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I wrote this code:

x = 0
def counter():
 x = 1
 def temp(self):
  print x
  x += 1
 return temp

Trying to test if python is lexical or dynamic scope. My thinking was that

y = counter()
y()

Should either print 0 or 1, and that would tell me how python is scoped. However, calling y throws an exception saying that x is undefined. There seems to be something fundamentally flawed in my understanding of how Python works.

Can someone explain how this works? Yes, I am aware this can easily be done using objects. I'm trying to explore the idea of giving functions state without the use of objects. I wrote the code this way because the above translated to a lexically scoped language like Scheme would definitely have worked.

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possible duplicate of Read/Write Python Closures –  Ignacio Vazquez-Abrams May 29 '11 at 23:14

5 Answers 5

Thanks for all your replies. Just in case anyone cares, I've sort of come up with a workaround for this problem. I did it by creating a "scoper" function to establish a counter variable.

>>> def gc():
...  def scoper():
...   scoper.s = 0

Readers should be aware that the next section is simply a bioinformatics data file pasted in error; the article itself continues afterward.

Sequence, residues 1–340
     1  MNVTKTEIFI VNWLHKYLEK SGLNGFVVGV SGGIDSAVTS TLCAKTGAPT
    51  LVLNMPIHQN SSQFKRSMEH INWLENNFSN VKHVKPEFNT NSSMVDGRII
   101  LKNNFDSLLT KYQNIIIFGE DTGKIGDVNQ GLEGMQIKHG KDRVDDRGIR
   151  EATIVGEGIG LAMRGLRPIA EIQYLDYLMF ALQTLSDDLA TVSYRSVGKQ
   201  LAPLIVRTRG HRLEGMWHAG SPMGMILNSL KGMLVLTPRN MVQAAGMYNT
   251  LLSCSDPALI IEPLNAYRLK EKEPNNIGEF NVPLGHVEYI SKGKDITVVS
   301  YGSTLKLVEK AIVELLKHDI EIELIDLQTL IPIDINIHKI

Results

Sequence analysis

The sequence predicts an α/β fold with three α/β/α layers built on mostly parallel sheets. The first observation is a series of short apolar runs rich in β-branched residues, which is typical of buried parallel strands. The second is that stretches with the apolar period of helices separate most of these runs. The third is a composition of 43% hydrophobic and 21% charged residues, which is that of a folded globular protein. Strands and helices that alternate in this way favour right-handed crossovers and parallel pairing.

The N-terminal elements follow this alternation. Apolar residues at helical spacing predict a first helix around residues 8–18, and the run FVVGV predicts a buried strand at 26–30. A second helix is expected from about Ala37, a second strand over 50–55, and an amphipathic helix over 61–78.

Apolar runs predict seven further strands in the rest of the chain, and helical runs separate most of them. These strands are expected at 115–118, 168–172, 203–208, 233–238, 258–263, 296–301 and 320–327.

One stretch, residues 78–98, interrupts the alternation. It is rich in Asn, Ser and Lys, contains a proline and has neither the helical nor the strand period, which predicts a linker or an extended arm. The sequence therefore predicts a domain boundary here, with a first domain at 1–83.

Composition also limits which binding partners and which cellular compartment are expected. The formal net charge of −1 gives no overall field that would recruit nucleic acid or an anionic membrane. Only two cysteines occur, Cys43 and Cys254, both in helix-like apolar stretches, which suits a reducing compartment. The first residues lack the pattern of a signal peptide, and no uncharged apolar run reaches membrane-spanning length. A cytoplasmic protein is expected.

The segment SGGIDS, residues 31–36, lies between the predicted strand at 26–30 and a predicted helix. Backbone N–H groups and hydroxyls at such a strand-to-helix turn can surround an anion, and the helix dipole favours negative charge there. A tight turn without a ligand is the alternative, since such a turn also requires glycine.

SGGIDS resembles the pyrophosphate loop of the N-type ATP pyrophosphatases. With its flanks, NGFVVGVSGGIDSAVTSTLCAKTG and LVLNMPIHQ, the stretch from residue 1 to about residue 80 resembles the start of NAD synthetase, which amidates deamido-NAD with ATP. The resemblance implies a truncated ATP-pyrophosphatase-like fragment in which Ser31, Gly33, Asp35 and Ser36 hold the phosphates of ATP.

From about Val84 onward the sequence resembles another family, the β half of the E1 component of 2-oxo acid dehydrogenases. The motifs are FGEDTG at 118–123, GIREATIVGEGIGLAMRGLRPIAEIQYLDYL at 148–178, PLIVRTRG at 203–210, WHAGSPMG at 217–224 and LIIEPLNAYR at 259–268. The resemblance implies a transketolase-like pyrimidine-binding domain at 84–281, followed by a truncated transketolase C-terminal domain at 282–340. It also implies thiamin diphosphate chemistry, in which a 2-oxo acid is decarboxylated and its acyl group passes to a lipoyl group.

...   def rtn():
...    scoper.s += 1
...    return scoper.s
...   return rtn
...  return scoper()

The above allowed me to do this, which mimics proper closures:

>>> a = gc()
>>> a()
1
>>> a()
2
>>> a()
3
>>> b = gc()
>>> b()
1
>>> a()
4
>>> b()
2
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Closures in Python aren't writeable, so you can't write your code that way. If you only read from the variable inside the functions, you should be good. In Python 3 you could use the nonlocal keyword to get the behavior you want.

If you are using Python 2.5 or later you could also use the yield keyword to write the above code as a generator.

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From the docs:

A special quirk of Python is that – if no global statement is in effect – assignments to names always go into the innermost scope. Assignments do not copy data — they just bind names to objects.

So, when Python parses

 def temp(self):
  print x
  x += 1

it sees the assignment x += 1 and therefore decides that x must be in the innermost scope. When later you call temp(...) via y() -- (where, by the way, either the self should be omitted from the definition of temp or else y() should supply one argument) -- Python encounters the print x statement and finds that x has not been defined in the local (innermost) scope. Hence the error,

UnboundLocalError: local variable 'x' referenced before assignment

If you declare

 def temp(self):
     global x

then Python will look for x in the global scope (where x=0). In Python2 there is no way to tell Python to look for x in the extended scope (where x=1). But in Python3 that can be achieved with the declaration

 def temp(self):
     nonlocal x
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The Python documentation answers the question in detail: http://docs.python.org/reference/executionmodel.html#naming-and-binding